Cost-effective Manufacturing of Large-Volume Components

Tool cavity of tool steel, made with SLM and filled with grey cast iron. (Source: Fraunhofer ILT)

Tool cavity of tool steel, made with SLM and filled with grey cast iron. (Source: Fraunhofer ILT)

In the past, selective laser melting (SLM) technology has been cost effective only for manufacturing components with relatively small volumes. In an innovative breakthrough that combines SLM with casting, now the Fraunhofer Institute for Laser Technology ILT has developed a cost-effective method for manufacturing solid, large-volume components using SLM. For the first time at EuroMold 2014, experts presented tool inserts with conformal cooling channels that were made using the combined method.
Injection molding is used to make the majority of plastic components. With additive manufacturing techniques such as SLM, it is possible to integrate complex conformal cooling channels into the tool inserts required for injection molding. These channels allow the tool mold to be heated up during the injection process, and the melt to cool down quickly and evenly – resulting in rapid, distortion-free manufacturing. However, the manufacture of large-volume tool inserts using SLM is very cost-intensive, because the main production costs are volume-dependent.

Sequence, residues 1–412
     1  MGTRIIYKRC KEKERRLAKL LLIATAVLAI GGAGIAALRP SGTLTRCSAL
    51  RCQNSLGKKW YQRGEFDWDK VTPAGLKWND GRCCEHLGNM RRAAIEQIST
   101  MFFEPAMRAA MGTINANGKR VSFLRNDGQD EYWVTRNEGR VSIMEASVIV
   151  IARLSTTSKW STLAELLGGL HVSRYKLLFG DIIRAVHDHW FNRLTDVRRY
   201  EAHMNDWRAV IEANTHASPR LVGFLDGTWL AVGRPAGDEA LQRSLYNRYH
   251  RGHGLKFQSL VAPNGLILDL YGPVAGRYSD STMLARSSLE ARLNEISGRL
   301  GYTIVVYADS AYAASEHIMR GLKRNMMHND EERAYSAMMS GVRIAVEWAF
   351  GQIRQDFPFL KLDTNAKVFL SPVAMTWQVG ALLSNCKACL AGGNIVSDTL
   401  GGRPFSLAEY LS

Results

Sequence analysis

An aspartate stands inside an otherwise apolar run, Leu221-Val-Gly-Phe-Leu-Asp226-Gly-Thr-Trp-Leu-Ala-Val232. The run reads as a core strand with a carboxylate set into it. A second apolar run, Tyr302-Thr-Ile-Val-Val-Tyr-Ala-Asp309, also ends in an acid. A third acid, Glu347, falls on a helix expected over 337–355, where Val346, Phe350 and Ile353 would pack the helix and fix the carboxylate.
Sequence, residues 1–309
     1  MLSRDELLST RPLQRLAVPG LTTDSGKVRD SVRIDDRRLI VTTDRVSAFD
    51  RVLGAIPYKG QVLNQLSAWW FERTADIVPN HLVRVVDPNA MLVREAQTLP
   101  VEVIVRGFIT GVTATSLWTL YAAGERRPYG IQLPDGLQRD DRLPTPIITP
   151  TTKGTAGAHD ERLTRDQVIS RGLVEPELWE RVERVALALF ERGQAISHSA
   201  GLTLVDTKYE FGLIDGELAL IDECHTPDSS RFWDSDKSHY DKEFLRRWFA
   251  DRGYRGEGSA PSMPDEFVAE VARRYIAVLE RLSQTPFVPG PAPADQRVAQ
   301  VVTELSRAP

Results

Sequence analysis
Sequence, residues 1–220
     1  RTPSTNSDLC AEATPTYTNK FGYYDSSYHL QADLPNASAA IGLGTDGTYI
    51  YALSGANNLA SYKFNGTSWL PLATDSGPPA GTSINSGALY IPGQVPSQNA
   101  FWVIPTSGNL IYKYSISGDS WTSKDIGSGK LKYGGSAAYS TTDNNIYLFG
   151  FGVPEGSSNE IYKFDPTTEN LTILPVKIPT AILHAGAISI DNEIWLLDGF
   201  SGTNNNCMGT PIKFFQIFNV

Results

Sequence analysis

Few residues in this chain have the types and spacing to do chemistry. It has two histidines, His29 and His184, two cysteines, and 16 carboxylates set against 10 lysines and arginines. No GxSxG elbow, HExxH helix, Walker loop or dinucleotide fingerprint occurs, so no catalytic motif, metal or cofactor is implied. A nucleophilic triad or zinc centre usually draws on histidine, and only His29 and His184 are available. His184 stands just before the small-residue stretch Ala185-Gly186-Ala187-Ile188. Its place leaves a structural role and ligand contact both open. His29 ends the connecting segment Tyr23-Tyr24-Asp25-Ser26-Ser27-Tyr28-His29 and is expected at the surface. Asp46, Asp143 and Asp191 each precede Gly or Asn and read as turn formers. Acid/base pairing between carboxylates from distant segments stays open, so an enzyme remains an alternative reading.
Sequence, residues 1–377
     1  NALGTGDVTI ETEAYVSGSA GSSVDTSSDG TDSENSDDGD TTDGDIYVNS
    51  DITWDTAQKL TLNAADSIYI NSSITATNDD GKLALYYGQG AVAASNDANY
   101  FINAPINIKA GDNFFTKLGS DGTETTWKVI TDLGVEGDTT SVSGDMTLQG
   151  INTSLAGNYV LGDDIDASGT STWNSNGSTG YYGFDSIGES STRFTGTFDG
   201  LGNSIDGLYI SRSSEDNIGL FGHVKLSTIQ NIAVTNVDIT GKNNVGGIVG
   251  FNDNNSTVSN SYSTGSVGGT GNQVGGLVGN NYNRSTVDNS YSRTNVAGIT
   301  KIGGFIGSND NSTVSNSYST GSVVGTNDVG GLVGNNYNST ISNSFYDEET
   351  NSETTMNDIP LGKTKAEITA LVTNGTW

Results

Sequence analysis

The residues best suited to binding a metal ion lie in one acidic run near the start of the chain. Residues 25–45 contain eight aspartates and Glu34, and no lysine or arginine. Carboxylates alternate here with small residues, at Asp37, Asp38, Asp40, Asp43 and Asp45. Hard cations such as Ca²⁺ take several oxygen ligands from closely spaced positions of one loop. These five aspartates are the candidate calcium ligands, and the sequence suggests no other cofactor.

To tackle this problem, scientists from Fraunhofer ILT have teamed up with the Foundry Institute at RWTH Aachen University and partners from industry in a bid to combine SLM and casting methods. In the “GenCast” pro­ject, which is funded by the German Federal Ministry of Education and Research as part of the Central Innovation Program SME (or “ZIM” in German), the project partners have worked together to build up the requisite process understanding and developed the process chain for the combined method.
The idea behind combining the two methods is to manufacture the shell of the tool insert from hot work steels (1.2343 or 1.2709) using SLM. During this process, cooling channels with complex geometries are still integrated in the exact places where they are needed to heat or cool the component. The shell built up using this technique serves as a casting mold, which is rapidly and cost-effectively filled with gray cast iron (e. g. GJL-200) or highly thermal conductive copper in a subsequent casting process. This cuts production times by up to eighty per cent compared to components made using SLM alone. The bigger a component is, the more the advantages of this combined method come into play. It can be used cost-effectively from part sizes of only half a liter upward. (Source: Laser Technik Journal 1 / 2015)

Links: Fraunhofer ILT, Aachen

Speak Your Mind

*